Sensory problems are also very common in autistics; heightened or overly dampened sensitivity to light, sound, touch, taste, etc. can cause a lot of problems in daily life. Some aspies have difficulty doing things like grocery shopping because of the crowds, smells, or flickering fluorescent lights. Some of us can tolerate this kind of environment for a while, but it wears us down, and too much exposure can make us irritable, anxious, or otherwise unpleasant to be around. Sensory breaks are helpful, such as leaving us to sit in the car while you run into a shop to perform errands. After a lot of exposure to sensory input, we often need time alone to recharge and reset our sensory system. If you come back from a day of shopping, running errands or doing recreational things, don't be upset or put off if your friend immediately retreats to his room and doesn't come out; he's not angry and you didn't do anything wrong, he's just overloaded and needs time to cool off. In a similar vein, if, while the two of you were dating, your friend had an aversive reaction to anything physical you attempted, it wasn't that he didn't like you or didn't want to be intimate, he was probably just physiologically over-sensitive to whatever tactile thing you were doing.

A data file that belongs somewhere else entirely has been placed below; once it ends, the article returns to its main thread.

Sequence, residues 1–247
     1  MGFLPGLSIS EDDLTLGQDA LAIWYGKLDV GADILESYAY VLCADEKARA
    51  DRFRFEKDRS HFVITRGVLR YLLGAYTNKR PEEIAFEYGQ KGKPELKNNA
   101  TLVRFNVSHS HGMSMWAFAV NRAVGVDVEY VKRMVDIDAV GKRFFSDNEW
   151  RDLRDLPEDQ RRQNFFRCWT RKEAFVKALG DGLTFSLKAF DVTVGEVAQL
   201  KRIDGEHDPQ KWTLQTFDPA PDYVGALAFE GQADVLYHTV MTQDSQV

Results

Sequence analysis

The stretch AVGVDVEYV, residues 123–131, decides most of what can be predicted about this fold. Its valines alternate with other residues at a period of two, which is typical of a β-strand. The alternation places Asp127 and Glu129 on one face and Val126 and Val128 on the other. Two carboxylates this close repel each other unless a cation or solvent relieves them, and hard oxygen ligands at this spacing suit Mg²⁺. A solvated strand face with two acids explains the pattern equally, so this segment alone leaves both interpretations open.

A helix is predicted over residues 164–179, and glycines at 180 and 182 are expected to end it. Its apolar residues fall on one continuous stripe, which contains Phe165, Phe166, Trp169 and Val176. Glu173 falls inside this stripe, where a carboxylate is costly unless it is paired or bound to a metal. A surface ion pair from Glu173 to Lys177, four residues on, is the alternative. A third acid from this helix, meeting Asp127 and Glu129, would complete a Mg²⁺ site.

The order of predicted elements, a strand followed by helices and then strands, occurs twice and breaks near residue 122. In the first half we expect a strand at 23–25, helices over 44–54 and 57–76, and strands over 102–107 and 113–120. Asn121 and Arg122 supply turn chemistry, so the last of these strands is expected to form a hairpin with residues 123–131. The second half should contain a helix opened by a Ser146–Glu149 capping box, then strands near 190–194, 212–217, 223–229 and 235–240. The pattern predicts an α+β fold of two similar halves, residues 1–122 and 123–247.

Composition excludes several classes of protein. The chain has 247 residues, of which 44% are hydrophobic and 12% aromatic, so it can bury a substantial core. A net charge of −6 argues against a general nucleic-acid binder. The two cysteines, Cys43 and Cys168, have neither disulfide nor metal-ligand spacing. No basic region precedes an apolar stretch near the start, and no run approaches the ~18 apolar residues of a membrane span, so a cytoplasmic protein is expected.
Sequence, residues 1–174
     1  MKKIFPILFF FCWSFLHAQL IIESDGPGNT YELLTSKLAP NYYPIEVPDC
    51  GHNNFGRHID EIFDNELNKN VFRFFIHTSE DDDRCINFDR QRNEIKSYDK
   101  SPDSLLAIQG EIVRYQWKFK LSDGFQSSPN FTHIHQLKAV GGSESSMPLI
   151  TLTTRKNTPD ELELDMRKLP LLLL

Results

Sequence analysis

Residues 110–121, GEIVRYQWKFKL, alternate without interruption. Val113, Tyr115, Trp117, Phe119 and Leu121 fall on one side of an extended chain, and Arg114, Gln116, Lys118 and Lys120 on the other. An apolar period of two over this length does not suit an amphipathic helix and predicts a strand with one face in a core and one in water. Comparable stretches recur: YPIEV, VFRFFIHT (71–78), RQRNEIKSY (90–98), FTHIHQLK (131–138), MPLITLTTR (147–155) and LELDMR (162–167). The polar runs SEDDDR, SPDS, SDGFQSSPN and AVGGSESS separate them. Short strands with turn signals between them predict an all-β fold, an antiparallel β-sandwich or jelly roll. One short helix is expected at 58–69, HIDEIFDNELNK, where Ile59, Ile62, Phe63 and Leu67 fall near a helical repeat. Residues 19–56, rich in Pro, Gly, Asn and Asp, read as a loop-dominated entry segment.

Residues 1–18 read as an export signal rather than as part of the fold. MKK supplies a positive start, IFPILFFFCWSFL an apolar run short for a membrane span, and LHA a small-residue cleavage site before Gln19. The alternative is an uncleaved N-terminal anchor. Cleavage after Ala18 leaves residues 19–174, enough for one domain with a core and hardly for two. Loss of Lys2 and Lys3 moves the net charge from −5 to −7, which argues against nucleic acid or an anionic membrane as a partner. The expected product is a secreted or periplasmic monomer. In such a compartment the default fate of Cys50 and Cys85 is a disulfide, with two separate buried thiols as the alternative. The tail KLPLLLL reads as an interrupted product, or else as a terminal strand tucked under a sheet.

Communication is often very difficult for aspies: we can be blunt or come across as callous and uncaring when we don't mean to. If you ask us for an honest opinion, we'll give it to you, omitting all the social niceties like "sugar-coating" or "white lies". Don't be offended when we say things like this; we don't mean it personally, just correct us by saying something like, "That sounded a little harsh, maybe try saying X next time," or "It's not a good idea to talk about X in front of other people; it might hurt their feelings/embarrass them." Similarly, we often have difficulty recognising when another person is "just trying to be nice" or trying to use subtleties to get out of, or change a conversation topic. If you see your friend ignoring someone else's social cues, pull him away and explain them, or if he's doing it to you, use the subtle cues (so he gets practise hearing them), then if he doesn't understand, spell out what they mean, and why they're used (e.g it's more polite to say, "I'm going to get a drink" than it is to say, "I don't want to talk to you anymore.")

That's all I can come up with for now, but I hope I helped. A good book on the subject is Tony Attwood's "The Complete Guide to Asperger's Syndrome". It's a bit of a long read, but it has a lot of useful information in it. Good luck!


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"Survival is insufficient" - Seven of Nine
Diagnosed with ASD level 1 on the 10th of April, 2014
Rediagnosed with ASD level 2 on the 4th of May, 2019
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Marky9
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20 Jul 2015, 12:18 am

Welcome! It's cool that you guys were able to throttle it back and retain a good friendship. I also recommend the Attwood book.